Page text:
Judge David Johnson thinks the creators of this warped little cartoon should be placed on the FBI watch list.
Cute, cuddly, and horribly wrong.
Do you ever ask yourself: "You know what I could go for tonight? Some cartoons depicting unspeakable violence being done to smiley, animated woodland animals!" If so, well, fella, have I got a magical gift for you!
Facts of the Case
The premise for Happy Tree Friends is simple: dedicate six minutes to applying as much whacked-out pain as within the realm of animated possibility to cute little animals. That's it. Six minutes of sappy music, pastel colors, and blood and sinew.
Episodes run about six minutes or so, and feature the same group of revolving characters, with names like Lumpy and Splendid and Pop and Cub and Nutty and Flippy and Disco Bear. By the end of episodes virtually every starring critter will have been killed in bloody, spectacular fashion. Shows wrap with a weirdly juxtaposed moral. There is no dialogue; just squeaky animal voices, music and the grinding and splattering sounds. The first nine episodes of the series that aired on the G4 network get the digital treatment:
• "The Wrong Side of the Tracks"
• "From Hero to Eternity"
• "And the Kitchen Sink"
• "Party Animal"
• "Ipso Fatso"
• "Don't Yank My Chain!"
• "Dog Gone It!"
• "Concrete Solution"
• "Sea What I Found"
Part of me likes the Happy Tree Friends, the absurdity of it all, the incredibly gruesome violence juxtaposed with the sterile Nick Jr. look of the show and its characters, the uniqueness of the concept (well sort of—my junior high friends and I would waste countless study hall hours drawing dismembered cartoon animals). Another part of me thinks the series is sort of a cop-out, where real wit and cleverness have been substituted for cheap gags. There's another, smaller part of me that likes eating hot fudge right out of the jar with a spoon.
Look, from the adolescent weirdo's point-of-view, these shows are riotous. A nonstop parade of cuddle animals ruthlessly slaughtered in inventive ways? Just what the doctor ordered! But the realist understands the simple truth about Happy Tree Friends: it's a one-gag show. Sure it's a gag that undergoes a multitude of permutations and is capable of yielding some sick fun, but take away the violence gimmick and Happy Tree Friends has nothing going for it, save some cutesy animation.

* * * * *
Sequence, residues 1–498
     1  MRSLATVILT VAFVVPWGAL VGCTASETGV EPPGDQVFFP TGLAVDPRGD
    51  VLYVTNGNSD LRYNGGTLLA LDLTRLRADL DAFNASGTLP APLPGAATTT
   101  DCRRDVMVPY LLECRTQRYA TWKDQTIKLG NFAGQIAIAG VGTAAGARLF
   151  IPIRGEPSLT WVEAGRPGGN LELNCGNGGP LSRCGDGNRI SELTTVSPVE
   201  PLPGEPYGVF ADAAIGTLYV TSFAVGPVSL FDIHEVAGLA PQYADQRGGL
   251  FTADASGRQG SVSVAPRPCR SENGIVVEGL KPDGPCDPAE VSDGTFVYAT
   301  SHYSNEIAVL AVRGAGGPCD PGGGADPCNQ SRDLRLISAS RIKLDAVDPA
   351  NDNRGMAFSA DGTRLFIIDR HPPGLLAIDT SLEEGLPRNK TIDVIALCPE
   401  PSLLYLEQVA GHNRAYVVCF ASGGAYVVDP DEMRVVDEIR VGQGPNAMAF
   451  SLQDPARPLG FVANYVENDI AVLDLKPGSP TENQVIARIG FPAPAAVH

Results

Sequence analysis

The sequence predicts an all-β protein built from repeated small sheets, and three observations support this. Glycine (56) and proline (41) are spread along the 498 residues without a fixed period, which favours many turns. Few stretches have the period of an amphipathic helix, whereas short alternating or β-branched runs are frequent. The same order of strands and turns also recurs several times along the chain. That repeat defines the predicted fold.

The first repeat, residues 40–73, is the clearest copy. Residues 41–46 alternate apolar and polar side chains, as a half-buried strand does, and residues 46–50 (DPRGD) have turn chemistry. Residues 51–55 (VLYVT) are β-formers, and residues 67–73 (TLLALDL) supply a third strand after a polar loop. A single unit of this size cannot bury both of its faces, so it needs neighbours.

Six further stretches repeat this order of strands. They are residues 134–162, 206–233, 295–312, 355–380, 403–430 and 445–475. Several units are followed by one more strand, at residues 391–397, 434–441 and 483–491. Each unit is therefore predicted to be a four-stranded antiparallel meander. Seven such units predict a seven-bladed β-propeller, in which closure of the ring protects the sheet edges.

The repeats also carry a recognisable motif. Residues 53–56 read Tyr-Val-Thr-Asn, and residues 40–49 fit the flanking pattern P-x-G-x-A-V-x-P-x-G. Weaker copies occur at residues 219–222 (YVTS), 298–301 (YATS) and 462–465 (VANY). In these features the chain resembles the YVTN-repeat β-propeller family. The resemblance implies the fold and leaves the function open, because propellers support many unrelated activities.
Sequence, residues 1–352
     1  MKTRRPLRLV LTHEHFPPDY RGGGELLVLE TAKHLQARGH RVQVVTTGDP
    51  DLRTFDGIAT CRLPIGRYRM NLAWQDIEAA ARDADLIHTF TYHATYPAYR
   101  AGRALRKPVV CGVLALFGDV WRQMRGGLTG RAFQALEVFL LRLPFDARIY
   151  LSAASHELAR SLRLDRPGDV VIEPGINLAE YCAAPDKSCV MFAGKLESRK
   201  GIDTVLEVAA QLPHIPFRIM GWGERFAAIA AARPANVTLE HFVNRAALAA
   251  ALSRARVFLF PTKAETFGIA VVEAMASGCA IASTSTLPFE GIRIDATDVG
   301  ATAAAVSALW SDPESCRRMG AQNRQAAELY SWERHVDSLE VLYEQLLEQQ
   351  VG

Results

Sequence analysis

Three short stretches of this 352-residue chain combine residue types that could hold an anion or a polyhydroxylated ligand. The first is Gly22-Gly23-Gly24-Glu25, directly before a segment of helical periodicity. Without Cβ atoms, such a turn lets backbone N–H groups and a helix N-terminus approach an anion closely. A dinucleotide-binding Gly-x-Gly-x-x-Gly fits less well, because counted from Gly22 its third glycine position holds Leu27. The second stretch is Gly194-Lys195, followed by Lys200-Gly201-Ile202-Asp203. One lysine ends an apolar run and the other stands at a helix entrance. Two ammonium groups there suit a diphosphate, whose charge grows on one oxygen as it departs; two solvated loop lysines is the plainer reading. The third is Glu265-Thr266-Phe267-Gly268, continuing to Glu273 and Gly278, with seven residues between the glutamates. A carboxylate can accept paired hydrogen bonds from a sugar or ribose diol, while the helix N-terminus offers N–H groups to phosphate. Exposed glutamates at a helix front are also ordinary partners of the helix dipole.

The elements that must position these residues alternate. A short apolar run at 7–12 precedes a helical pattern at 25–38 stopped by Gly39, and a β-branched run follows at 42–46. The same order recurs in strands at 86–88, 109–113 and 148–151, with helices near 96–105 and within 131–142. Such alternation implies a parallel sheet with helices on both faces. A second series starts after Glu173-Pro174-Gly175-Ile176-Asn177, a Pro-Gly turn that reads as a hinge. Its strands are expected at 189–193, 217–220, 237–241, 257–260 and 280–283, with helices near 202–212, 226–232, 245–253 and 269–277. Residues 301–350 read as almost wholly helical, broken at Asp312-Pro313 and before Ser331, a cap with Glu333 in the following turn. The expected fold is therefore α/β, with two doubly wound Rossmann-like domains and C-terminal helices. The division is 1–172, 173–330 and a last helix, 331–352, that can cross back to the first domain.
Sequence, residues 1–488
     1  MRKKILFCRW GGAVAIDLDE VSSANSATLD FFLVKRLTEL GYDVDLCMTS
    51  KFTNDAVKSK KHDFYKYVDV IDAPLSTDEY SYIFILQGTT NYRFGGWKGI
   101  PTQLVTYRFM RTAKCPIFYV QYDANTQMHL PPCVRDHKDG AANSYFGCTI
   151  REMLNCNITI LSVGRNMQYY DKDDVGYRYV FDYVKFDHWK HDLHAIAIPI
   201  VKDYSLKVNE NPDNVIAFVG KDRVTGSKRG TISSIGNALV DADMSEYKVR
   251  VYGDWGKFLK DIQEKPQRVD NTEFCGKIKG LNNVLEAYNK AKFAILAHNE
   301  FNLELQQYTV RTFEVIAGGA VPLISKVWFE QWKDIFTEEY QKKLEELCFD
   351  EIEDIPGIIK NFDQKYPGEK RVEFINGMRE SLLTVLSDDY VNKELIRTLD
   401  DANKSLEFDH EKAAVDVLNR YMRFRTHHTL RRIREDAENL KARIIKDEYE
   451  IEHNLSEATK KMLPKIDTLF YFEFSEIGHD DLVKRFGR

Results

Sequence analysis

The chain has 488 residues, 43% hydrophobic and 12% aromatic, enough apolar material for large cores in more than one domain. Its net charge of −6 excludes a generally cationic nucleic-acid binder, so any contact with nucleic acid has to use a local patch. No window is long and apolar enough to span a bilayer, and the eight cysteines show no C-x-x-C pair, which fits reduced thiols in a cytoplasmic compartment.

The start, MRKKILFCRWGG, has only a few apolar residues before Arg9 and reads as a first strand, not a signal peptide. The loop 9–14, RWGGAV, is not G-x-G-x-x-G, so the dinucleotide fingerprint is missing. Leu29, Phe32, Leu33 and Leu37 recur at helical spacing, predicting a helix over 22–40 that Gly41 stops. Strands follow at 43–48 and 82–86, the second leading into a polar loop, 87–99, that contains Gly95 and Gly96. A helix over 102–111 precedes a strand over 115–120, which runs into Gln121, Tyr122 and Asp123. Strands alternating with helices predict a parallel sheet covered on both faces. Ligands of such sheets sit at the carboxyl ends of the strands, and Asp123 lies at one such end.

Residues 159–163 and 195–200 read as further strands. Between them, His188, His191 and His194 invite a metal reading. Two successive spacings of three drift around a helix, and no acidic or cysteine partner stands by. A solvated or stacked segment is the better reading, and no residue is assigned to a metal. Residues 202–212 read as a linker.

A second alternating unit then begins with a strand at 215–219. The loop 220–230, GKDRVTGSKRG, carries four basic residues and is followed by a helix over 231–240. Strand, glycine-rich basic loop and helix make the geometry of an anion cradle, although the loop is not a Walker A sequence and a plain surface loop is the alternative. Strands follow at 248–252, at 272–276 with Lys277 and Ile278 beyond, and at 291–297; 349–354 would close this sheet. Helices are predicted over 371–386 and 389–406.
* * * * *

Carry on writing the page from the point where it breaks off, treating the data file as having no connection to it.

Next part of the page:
I don't, however, think that this one-note wonder essence necessarily earns it a negative review. For what Happy Tree Friends sets out to do, it succeeds. It's all about the juxtaposition here, matching up the look and sound of an innocent kids show with over-the-top bloodshed. While the concept isn't groundbreaking (Peter Jackson's Meet the Feebles is the apex of this kind of "oh-man-that's-just-wrong" entertainment) the mayhem is very well-executed. Pun intended by the way. Bones are crushed, bodies flayed, brains dislodged, skulls cleaved, spinal columns snapped, tendons ripped out, eyeballs impaled, ribs cracked, flesh burned, antlers warped, furry tails sliced off, limbs removed, and gallons and gallons and gallons of animated blood spilled. For the premium in cartoon havoc, I doubt few contenders can challenge the sickos behind Happy Tree Friends.
But they shouldn't fool themselves either. In one of the behind-the-scenes features, one of the writers laments the fact that critics obsess about the violence because it's such a small part of the show. Sorry, but that's not going to fly. As far as screen time, yes the run-ups to the carnage eat more minutes, but episodes, and their accompanying plots, are merely vehicles for uncorking massive amounts of death and destruction. These guys made a series strictly devoted to cartoon violence, and that will of course generate controversy, but that's the cost. None of that faux umbrage, please.
So if this is a concept that grabs you, give this disc a shot. Volume 1 contains nine short episodes, and while the storytelling won't floor you, the plots are simply a means to an end. A grisly, grisly end.
Full frame and 2.0 stereo for the tech specs, but the show looks and sounds good. The animation comes across well, sporting vibrant colors and crisp detailing. Of the relatively lame extras (storyboards, short, making-of featurettes), the standouts are the commentary tracks for each episodes which are lively, interesting and a bit too self-aggrandizing.
There's some sinister glee to be had here at the expense of a legion of suffering cartoon animals, but know that Happy Tree Friends is a one-trick pony, and its value is largely articulated by how many different tricks (read: ways to animate violent death) the writers can squeeze out of it.
PETA won't be happy with a not guilty verdict, but screw 'em.
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